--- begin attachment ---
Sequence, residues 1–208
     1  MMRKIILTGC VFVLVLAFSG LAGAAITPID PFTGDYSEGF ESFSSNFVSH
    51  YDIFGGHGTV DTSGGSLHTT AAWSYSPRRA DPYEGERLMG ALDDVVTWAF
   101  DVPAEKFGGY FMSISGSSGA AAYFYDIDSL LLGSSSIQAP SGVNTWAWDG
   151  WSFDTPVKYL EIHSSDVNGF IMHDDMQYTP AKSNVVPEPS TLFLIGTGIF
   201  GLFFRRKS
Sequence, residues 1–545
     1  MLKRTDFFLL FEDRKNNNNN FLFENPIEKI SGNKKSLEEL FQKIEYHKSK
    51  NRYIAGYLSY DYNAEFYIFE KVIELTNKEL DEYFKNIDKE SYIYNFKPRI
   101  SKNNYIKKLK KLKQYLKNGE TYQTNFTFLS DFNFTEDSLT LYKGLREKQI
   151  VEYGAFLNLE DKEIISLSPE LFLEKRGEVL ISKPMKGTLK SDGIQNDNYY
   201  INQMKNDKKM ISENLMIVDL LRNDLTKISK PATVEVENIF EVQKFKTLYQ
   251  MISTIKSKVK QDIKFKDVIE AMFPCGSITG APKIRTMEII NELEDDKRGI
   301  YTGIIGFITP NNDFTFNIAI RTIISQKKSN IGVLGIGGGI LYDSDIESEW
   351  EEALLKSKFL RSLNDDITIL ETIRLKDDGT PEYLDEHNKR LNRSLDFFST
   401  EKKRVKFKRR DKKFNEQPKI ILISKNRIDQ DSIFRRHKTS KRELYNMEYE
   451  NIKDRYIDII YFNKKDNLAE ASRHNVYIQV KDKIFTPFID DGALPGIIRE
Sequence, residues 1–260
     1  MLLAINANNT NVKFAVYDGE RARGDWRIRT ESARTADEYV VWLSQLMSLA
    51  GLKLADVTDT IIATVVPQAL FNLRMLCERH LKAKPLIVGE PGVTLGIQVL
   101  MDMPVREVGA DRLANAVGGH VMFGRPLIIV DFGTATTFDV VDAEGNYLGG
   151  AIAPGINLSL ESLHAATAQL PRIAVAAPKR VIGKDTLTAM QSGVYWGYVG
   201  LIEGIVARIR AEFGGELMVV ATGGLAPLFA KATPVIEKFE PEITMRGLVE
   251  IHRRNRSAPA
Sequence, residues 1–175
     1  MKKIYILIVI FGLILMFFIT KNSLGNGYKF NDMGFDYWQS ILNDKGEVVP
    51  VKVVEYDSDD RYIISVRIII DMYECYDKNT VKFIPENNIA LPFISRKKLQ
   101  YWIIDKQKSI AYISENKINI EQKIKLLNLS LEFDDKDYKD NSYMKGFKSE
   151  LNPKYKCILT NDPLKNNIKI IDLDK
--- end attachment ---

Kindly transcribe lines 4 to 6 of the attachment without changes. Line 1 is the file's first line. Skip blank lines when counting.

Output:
   101  DVPAEKFGGY FMSISGSSGA AAYFYDIDSL LLGSSSIQAP SGVNTWAWDG
   151  WSFDTPVKYL EIHSSDVNGF IMHDDMQYTP AKSNVVPEPS TLFLIGTGIF
   201  GLFFRRKS